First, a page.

APTN National News
EDMONTON—Alberta authorities have stayed contraband tobacco charges against the former chief of the Montana First Nation.
The Alberta Crown in the case entered the stay against Carolyn Buffalo on Jan. 28, her former lawyer Julian Falconer said.
Buffalo was charged four years ago under the Alberta Tobacco Act after the RCMP and agents with the Alberta Gaming and Liquor Commission seized 16 million cigarettes stored on the Montana First Nation reserve. The federally-licensed cigarettes were shipped by Rainbow Tobacco from Kahnawake, a Mohawk community near Montreal.
Falconer said the Crown did not put any reasons on the record as to why the charges were stayed. He said there were irregularities with the search warrant used to seize the cigarettes.
“It was simply a culmination of a series of mishaps that leads to the inescapable conclusion that this has been a gross waste of taxpayer money,” said Falconer. “It is a lesson in exactly how not to deal with our Aboriginal partners on complex issues that warrant sit down and negotiating rather than using the heavy club of the justice system.”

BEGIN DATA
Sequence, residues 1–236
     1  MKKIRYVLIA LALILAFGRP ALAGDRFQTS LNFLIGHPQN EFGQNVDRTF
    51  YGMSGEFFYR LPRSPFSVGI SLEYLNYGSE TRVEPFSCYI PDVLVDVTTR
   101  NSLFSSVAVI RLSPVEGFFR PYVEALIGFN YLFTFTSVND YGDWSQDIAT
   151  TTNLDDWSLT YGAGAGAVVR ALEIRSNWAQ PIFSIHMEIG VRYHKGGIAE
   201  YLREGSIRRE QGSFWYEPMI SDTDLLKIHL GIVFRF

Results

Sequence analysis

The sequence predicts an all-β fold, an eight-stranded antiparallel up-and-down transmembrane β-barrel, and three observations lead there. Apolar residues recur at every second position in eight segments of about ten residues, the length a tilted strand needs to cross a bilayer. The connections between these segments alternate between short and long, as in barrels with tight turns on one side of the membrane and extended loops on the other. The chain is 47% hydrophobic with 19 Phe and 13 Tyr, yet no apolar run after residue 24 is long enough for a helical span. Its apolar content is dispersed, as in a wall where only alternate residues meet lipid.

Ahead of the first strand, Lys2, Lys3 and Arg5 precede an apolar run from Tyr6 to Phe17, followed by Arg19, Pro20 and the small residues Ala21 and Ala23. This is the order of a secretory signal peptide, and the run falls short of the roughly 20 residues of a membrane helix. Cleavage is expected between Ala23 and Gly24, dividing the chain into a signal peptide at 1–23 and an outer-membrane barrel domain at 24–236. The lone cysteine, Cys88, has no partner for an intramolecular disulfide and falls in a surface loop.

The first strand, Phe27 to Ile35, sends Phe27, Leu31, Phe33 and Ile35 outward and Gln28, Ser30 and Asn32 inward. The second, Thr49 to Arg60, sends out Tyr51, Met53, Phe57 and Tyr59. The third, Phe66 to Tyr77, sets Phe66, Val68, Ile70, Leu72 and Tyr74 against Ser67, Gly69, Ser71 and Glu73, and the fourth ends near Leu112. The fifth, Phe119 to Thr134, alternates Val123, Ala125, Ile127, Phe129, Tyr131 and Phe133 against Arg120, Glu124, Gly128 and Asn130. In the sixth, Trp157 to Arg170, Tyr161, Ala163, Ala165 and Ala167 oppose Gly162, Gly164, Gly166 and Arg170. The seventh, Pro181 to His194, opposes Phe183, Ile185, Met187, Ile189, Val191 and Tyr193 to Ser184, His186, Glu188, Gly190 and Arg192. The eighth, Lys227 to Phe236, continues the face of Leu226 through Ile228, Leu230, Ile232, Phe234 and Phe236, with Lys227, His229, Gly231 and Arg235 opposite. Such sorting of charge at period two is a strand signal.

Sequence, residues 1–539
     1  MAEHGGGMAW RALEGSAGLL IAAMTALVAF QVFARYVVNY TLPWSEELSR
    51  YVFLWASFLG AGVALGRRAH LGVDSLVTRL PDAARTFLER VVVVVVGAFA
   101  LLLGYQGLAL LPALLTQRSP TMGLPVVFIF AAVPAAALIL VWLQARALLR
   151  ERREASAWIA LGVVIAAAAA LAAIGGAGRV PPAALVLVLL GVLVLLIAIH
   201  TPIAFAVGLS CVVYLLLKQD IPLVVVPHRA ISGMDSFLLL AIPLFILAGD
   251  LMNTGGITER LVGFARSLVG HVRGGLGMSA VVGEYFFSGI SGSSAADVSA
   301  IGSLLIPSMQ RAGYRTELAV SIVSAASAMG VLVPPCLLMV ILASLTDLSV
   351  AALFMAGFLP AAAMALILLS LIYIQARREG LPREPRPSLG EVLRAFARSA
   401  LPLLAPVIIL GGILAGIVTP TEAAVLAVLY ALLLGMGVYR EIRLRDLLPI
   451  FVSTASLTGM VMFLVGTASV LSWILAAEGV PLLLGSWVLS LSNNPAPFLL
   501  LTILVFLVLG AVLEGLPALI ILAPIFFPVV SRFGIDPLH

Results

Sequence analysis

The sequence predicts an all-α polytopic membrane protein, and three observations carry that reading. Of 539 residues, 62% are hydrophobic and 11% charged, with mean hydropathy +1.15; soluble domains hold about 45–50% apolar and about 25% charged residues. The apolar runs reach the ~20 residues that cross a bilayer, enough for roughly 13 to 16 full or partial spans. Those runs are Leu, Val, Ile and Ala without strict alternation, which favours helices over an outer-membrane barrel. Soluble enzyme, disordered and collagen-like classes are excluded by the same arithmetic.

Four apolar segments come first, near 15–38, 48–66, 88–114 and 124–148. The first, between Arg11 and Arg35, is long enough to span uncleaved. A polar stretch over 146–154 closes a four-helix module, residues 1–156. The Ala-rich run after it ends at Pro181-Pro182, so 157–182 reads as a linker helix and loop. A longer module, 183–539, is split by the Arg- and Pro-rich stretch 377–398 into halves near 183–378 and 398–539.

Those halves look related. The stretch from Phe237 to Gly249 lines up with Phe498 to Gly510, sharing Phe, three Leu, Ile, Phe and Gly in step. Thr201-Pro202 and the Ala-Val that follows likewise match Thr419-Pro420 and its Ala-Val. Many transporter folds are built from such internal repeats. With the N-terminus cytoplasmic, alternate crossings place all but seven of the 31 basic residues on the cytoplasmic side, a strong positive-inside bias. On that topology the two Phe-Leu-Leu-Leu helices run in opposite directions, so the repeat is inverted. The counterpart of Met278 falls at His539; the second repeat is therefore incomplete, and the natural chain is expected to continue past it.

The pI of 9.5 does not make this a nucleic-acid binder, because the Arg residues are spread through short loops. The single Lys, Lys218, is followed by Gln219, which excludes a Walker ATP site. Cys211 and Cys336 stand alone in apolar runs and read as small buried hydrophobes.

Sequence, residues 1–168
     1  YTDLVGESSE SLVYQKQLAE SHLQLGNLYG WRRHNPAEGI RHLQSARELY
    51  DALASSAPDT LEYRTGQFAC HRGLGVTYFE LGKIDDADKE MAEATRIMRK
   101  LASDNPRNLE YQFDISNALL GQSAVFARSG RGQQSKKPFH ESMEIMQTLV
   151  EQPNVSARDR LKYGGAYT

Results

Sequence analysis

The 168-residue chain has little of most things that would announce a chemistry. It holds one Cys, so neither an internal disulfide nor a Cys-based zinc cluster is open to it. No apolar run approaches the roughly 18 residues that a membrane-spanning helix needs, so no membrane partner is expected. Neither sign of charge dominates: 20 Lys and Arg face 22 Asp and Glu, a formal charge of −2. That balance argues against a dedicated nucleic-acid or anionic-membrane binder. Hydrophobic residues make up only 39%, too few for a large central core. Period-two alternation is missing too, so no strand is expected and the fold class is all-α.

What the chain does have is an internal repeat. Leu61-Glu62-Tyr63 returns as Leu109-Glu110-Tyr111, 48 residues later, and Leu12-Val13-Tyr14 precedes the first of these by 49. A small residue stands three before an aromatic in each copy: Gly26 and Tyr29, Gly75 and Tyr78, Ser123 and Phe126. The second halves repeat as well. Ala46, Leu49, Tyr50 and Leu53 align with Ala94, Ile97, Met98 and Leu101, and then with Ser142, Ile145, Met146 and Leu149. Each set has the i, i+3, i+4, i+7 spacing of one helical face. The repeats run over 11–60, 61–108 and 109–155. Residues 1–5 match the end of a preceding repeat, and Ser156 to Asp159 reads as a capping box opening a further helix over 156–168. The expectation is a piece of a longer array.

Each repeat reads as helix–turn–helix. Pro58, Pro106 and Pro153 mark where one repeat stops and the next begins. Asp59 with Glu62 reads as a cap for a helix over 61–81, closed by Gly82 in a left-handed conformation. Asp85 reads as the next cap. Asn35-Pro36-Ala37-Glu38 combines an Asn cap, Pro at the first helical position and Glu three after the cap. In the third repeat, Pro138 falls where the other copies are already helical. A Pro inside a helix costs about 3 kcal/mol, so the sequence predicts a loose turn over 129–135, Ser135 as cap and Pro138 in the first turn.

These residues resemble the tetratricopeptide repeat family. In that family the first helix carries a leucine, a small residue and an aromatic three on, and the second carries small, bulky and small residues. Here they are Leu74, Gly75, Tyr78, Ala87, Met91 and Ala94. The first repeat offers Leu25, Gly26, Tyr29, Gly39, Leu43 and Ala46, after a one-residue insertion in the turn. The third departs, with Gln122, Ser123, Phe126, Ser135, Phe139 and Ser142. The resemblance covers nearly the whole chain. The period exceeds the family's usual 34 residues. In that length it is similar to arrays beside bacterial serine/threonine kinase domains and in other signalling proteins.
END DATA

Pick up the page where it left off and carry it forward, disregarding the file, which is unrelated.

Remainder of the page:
Falconer said Buffalo “was dealing with a federally licensed enterprise operating out of Kahnawake” that was engaged in trade between First Nations. Falconer said the lead RCMP investigator on the case testified during that trial Buffalo believed she was following the law.
“Instead of accepting this as a complex issue of historical Aboriginal trade on a nation-to-nation basis, the option was to criminalize a law-abiding citizen to basically hamper the ability for First Nations to do business amongst themselves,” said Falconer.
The owner of Rainbow Tobacco, Robbie Dickson, is still facing charges.
Falconer, who represents Dickson “in other jurisdictions,” said he had been advised not to speak to the media about this matter.